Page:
"Or even lost, looking for the summer. I know the back roads - Ibiza."
      "Bless you! Goodbye!"

      Raindrops, few but fat, worried at their hands as they shook, and looked away.



















Sample / Tokyo General Hospital, Way Out to the Visitors' Garden

      The lusty squelch of rubber on rubber trailed Paul, Umi and Jiro down the hospital corridor. Paul, with Umi shimmering at his side, was savouring the sheer profusion of the material. Oncoming traffic was limited to a lone hospital orderly, pushing some parched lung case toward them. He felt like he was entering an aquarium - the latex, the lemony light, and the oxygen apparatus skidding alongside the patient's chair.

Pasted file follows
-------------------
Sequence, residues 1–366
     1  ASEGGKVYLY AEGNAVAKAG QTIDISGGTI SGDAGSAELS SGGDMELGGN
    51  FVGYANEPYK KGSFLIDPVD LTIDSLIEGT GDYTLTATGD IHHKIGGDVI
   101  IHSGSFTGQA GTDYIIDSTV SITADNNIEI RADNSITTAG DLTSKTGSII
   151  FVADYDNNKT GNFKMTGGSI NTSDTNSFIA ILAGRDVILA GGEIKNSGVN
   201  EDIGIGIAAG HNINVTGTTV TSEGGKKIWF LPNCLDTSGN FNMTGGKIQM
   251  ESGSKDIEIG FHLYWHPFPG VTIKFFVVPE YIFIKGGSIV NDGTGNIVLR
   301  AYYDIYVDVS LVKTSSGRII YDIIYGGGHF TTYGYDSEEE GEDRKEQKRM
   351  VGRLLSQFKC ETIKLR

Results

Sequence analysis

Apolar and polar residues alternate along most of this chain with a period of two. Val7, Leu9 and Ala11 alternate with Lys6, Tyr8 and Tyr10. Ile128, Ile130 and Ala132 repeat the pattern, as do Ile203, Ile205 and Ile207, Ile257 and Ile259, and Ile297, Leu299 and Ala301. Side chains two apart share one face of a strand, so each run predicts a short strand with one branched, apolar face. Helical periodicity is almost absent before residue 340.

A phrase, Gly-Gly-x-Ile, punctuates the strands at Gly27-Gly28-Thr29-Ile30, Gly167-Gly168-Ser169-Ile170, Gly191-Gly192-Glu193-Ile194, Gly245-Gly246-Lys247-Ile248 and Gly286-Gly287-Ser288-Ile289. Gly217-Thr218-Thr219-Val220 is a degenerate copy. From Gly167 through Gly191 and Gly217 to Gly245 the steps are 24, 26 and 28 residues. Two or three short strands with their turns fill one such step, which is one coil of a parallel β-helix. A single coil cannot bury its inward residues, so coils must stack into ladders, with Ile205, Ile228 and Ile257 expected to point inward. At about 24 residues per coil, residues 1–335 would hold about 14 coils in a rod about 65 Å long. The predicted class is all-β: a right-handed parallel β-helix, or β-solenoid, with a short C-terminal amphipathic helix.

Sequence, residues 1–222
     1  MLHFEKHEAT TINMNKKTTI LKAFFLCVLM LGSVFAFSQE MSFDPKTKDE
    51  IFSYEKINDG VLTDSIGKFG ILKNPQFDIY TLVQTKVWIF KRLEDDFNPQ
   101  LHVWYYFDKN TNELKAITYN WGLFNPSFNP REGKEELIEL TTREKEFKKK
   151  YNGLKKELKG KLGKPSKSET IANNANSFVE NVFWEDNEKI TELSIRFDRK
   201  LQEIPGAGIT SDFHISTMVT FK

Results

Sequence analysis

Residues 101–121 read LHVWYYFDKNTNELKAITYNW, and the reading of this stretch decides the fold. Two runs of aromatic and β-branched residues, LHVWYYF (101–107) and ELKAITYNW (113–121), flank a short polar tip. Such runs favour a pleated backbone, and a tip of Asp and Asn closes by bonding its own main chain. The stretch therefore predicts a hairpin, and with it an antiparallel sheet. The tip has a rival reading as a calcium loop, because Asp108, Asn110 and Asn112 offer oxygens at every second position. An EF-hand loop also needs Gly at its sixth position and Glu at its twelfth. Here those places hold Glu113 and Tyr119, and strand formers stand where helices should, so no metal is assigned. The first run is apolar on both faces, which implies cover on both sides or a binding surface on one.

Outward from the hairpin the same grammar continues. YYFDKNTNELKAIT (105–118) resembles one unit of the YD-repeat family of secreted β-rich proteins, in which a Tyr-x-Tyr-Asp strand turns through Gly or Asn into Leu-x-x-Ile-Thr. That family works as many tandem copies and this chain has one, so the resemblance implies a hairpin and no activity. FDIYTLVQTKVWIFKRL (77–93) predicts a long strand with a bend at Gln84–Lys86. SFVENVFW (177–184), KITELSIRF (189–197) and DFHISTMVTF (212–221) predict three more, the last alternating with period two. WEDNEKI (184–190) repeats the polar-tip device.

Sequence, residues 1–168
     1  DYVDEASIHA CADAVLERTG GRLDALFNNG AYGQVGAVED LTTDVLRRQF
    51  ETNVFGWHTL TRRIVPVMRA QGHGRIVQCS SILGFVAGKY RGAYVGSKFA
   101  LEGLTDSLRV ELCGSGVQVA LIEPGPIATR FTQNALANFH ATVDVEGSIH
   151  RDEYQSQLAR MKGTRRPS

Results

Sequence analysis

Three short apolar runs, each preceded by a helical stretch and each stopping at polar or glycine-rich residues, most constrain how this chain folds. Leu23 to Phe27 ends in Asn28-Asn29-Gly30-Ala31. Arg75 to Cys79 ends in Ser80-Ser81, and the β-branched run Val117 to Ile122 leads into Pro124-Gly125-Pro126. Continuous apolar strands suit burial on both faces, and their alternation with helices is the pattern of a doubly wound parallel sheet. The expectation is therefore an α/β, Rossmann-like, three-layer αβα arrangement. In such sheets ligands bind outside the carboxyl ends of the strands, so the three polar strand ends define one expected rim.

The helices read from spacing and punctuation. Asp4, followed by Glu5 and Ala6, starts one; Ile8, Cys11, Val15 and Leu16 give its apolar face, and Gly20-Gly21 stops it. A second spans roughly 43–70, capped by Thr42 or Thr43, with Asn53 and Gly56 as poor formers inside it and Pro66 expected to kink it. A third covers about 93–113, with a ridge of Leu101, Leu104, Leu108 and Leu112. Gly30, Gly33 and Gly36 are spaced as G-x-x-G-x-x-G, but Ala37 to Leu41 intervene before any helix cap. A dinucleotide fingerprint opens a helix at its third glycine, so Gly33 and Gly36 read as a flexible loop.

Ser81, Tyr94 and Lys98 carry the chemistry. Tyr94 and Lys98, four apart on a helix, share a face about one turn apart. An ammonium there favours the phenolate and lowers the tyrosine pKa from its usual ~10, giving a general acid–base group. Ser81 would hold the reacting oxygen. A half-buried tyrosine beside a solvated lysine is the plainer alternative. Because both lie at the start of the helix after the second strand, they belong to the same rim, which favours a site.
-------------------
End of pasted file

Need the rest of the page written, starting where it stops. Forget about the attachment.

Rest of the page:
"Hold your breath! Fish 'Flu case." Jiro instructed them. Paul made a small bow as they passed, mortal to mortal. Flesh to fish.
      "Have you ever wanted to stop smoking?" Umi asked him rather sharply as they guided Jiro's wheelchair into an elevator. An unlit Samurai Superslim in Paul's left hand was interfering with his guidance system, and he'd just grazed his knuckles on the lift door and snapped the smoke in half. He gave a low-tar curse.
      "More that I'm quite keen to start! No, the thing is, total-smoke-freedom seems to belong to a future that I'm not hugely keen to join." An image of Otto leading an army of shaven-headed purity robots out of an interstellar shuttle for a jog flicked through his mind.
      "Yet you say you want to clean the environment?" she persisted.
      "Yeah, but I'm a carbon-based life form, too."
      "Not carbon monoxide?"